Blog Book Tour: Literary Mama
posted by Amy

There's a bookshelf in my small, sunny yellow home office—my new room of my own, yes!—that I turn to nearly every day. I look up quotes, check facts, and comfort myself with the words of other mothers. Among the many volumes are MotherSongs: Poems for, by, and about Mothers (edited by Sandra M. Gilbert, Susan Gubar, and Diana O'Hehir), which I bought when I was pregnant with Henry, and I Hear My Sisters Saying: Poems by Twentieth-Century Women (edited by Carol Konek and Dorothy Walters), a book I grew up reading after spying it on my mother's bookshelf shortly after she bought it in the late 1970s. Other books from that period include Jane Lazarre's The Mother Knot and, of course, Adrienne Rich's Of Woman Born. (Erma Bombeck and Jean Kerr, two of my childhood favorites, are also up there. I know; I was a strange child. I've apparently been preparing for mamazine.com my whole freaking life.)

There's a whole pile of newer books by Andi Buchanan, Miriam Peskowitz, Ann Crittenden, Rachel Cusk, Marion Winik, Marrit Ingman, Faulkner Fox, Catherine Newman, Ariel Gore, and many others that goes on that shelf, too. These get lent out on a regular basis to my mama friends—and I often move a book over to Chip's books-to-read shelf if I think he might want to read it. The newest book on my mother-writers shelf is one I'll be pressing others to read for sure: Literary Mama: Reading for the Maternally Inclined, the new anthology from LiteraryMama.com editors Andi Buchanan and Amy Hudock.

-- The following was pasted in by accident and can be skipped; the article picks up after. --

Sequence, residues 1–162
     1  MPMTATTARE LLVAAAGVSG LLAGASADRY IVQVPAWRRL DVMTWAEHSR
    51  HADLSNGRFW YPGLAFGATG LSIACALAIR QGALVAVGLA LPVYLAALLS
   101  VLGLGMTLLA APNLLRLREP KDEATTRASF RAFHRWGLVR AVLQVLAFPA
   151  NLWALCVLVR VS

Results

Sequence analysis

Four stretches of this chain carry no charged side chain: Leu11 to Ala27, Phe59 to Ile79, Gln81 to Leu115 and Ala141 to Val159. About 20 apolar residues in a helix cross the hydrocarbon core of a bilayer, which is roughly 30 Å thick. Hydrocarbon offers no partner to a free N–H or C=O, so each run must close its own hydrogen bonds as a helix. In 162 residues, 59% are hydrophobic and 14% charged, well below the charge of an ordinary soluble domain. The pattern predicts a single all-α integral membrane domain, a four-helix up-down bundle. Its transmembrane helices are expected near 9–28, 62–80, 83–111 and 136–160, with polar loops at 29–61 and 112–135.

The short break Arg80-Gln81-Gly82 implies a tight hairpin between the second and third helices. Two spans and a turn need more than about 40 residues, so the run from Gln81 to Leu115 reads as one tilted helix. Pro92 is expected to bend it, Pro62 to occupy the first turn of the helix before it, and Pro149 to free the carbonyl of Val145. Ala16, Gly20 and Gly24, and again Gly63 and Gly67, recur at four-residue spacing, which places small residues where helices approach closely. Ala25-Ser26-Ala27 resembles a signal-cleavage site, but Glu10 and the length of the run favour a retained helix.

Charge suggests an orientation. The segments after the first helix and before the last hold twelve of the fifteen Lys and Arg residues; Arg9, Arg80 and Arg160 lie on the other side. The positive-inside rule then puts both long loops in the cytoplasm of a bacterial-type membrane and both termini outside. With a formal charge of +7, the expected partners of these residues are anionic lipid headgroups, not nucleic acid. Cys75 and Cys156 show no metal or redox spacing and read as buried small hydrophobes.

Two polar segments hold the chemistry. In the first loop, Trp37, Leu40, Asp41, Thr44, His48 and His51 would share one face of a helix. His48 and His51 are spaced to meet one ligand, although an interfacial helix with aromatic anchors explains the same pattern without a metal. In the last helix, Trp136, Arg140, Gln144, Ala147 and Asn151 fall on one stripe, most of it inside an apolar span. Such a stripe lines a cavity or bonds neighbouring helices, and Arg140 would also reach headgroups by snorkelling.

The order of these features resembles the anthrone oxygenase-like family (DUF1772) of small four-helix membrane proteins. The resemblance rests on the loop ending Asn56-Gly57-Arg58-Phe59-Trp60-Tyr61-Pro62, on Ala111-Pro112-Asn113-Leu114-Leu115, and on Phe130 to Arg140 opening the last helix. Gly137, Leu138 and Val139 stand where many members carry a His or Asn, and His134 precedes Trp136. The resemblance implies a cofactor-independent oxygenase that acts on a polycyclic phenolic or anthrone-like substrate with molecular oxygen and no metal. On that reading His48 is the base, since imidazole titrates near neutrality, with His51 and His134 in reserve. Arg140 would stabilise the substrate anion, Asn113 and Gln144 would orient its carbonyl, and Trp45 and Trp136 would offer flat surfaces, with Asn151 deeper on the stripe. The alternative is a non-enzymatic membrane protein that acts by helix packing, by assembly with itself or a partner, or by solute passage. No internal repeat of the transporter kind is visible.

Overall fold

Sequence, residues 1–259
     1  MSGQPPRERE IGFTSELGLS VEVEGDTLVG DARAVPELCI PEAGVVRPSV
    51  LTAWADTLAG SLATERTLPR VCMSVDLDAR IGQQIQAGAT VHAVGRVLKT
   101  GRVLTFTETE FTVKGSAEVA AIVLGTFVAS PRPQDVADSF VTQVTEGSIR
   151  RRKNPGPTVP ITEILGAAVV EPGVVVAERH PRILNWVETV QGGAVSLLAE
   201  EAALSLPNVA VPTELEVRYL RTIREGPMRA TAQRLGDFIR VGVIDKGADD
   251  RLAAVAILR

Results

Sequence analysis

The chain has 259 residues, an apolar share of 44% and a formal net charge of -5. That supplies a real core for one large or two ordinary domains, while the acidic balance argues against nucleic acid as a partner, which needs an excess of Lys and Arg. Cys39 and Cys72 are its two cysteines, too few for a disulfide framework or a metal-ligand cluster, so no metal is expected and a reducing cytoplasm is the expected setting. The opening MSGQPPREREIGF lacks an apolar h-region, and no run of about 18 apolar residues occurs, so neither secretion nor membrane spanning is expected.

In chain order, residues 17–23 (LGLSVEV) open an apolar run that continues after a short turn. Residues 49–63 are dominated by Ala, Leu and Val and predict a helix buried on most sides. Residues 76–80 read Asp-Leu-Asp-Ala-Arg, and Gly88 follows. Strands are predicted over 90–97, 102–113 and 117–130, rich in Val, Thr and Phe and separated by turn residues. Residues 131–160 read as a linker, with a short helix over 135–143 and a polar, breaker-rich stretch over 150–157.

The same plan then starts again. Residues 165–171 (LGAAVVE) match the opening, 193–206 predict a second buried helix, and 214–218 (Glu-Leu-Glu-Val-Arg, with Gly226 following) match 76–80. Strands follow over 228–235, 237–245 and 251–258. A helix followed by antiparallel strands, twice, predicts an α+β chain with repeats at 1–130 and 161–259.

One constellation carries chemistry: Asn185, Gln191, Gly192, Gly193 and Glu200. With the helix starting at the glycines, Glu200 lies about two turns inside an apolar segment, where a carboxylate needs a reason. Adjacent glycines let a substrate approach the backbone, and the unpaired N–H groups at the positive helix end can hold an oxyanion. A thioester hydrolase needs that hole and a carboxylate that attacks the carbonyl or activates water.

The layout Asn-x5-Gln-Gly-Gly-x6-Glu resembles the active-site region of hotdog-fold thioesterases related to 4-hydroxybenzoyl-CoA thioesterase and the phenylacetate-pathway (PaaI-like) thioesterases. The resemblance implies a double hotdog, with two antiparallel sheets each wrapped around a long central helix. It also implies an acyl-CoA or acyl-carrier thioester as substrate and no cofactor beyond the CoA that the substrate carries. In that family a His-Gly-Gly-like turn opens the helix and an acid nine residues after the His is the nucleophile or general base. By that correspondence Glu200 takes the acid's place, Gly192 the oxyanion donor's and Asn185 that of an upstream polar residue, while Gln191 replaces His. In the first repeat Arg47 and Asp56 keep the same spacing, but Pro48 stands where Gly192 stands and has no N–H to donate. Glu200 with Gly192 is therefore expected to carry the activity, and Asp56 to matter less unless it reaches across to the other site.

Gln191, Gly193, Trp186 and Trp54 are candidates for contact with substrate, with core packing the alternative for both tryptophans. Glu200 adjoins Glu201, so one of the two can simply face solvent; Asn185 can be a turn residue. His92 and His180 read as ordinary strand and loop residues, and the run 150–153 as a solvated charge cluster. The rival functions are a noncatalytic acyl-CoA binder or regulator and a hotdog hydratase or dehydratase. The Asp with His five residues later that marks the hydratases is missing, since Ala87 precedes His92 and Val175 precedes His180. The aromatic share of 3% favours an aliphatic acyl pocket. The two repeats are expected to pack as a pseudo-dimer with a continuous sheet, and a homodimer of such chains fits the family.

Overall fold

There is much to love in this book, just as there is on the website. I especially enjoyed Nicole Cooley's "Thirteen Ways of Looking at Being a Mother and a Poet," with these lines, "My daughter forced me out of myself, demanded that I live in the world, and made me pay attention, and yet at the same time, she made me look more deeply inward than I ever had before."

Reading "Sanctuary" by Peggy Hong reminded me of my own first trip to the dentist after having kids. Reading magazines in the waiting room, lying down in the chair in a quiet office while someone took care of me for a change—I'm still amazed at how much I enjoyed getting my teeth cleaned when I had very young kids. Hong writes, "The more I rush the more they balk. The oldest refuses to put her shoes on, the youngest will not stop nursing, his teeth clamping down on me. The middle child is still sitting on the toilet, waiting for a wipe." Reading that took me right back to a place I thought I'd never forget.

Lines from the contributions from Meagan Francis, Lizbeth Finn-Arnold, Amy Hudock and Heidi Raykeil also stuck with me after I closed the book, and the introduction by Andi Buchanan and Amy Hudock, which I've already written about a little here, is a wonderful introduction to the themes and issues related to writers who focus on their experiences of motherhood.